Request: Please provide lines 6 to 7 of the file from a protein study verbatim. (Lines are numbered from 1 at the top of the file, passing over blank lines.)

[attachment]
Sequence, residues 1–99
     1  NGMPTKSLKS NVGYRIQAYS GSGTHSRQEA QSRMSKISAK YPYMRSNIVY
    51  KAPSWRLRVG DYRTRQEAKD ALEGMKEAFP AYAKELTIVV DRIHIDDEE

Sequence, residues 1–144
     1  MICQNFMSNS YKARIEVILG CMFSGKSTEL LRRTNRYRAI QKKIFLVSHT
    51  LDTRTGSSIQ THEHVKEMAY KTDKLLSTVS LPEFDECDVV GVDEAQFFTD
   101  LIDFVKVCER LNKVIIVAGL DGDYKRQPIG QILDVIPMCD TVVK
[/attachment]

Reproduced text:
    51  LDTRTGSSIQ THEHVKEMAY KTDKLLSTVS LPEFDECDVV GVDEAQFFTD
   101  LIDFVKVCER LNKVIIVAGL DGDYKRQPIG QILDVIPMCD TVVK